Earlier in the week MSCI announced the inclusion of Saudi Arabia in the Emerging Markets Equity Index in June 2019 following a two step inclusion process. This follows an announcement earlier in the year that the FTSE Russell Emerging Market Index would also include Saudi Arabia (in phases) from March 2019. We would expect Saudi Arabia and its issuers to continue to take a more prominent role in global equity and bond indices, particularly if the proposed listing of Saudi Aramco goes ahead. In our opinion, Saudi Arabia is under-represented in indices for an economy with a 2017 GDP of USD684bn.
That said, we do not think of Saudi Arabia as an ‘emerging market’ and instead of classifying markets as ‘emerging’ versus ‘developed’ we prefer to think of our universe in terms of creditors versus debtors. Saudi Arabia has a strong net foreign asset position so fits with our preference to position in creditor nations and countries with net foreign liabilities (NFL) less than 50% of GDP. IMF research indicates NFL above this threshold are associated with increasing risk of external crises and as we have seen over the past few weeks a number of debtors’ asset markets have come under pressure as the Fed continues to tighten and rein in US dollar liquidity.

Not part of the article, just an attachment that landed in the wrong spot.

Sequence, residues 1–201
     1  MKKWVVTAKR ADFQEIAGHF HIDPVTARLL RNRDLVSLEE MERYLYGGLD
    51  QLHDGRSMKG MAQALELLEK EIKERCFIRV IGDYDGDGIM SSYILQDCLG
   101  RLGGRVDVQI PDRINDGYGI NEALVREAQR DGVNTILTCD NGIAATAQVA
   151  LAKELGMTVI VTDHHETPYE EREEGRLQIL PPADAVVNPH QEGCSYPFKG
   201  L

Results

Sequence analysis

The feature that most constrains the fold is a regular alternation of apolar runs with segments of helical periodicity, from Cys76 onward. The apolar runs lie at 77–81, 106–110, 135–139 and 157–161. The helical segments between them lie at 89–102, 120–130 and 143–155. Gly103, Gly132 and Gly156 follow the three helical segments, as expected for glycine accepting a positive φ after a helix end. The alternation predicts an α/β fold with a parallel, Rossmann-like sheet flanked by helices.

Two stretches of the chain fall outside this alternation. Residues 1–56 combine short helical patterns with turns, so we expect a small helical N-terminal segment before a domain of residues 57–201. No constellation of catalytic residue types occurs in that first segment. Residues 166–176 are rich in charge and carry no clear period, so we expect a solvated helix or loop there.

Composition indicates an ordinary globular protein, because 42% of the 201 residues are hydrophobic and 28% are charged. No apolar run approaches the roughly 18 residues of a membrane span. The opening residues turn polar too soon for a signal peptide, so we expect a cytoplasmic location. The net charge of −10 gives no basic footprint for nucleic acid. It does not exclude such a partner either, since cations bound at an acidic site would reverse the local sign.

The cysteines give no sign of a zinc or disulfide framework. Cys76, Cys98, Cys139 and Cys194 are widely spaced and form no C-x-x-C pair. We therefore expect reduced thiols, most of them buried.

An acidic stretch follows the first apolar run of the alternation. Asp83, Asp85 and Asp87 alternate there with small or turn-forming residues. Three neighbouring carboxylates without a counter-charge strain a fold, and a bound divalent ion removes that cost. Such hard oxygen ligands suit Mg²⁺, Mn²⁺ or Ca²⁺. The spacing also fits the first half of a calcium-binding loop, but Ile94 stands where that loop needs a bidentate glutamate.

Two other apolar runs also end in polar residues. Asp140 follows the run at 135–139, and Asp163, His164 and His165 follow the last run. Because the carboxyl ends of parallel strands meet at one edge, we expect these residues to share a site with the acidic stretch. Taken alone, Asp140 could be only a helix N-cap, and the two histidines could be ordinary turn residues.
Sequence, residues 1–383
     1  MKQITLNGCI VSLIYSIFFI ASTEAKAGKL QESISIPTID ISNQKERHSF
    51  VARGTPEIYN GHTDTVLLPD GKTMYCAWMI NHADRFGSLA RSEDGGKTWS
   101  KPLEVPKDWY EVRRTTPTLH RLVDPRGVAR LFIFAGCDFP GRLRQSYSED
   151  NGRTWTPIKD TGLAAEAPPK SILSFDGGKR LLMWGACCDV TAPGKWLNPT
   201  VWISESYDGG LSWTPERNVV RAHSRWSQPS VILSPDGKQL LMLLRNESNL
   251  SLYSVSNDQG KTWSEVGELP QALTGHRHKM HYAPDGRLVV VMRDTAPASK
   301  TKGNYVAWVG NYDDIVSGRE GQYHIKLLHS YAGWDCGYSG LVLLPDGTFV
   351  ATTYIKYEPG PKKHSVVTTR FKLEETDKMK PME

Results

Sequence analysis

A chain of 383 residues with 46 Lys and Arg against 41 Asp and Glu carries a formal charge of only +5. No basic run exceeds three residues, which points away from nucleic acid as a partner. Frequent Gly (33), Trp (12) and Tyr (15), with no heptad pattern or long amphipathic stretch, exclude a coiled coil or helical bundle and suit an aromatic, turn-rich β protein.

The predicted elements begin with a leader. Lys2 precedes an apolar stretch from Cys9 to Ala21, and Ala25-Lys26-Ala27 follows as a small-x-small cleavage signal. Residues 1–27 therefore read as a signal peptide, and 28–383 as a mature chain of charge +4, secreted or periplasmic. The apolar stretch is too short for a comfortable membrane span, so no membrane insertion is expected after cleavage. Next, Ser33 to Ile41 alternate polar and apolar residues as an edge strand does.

Given its strong balance sheet Saudi Arabia has been a relatively infrequent issuer in the Eurobond market: it was only in October 2016 that it debuted an USD17.5bn multi-tranche issue. This is also true of Kuwait which debuted a two tranche USD8bn issue in March 2017; incidentally, Kuwait was added to the 2019 MSCI watchlist for reclassification from ‘frontier’ to EM status. These nations looked to international bond markets as a funding source in response to the collapse of oil prices in 2014, helping to fund deficits rather than totally rely on their asset buffers and sovereign wealth funds. Given their strong credentials we think these type of issuers are an attractive place to be positioned and in our opinion a lot of the geopolitical risk has already been priced in by markets. On our valuation model Saudi Arabia (rated A1/A+ by Moody’s/Fitch) screens attractively: For example, US dollar denominated Saudi International 4.5% 2046 trades ~4 credit notches cheap and at a yield of 5.1%.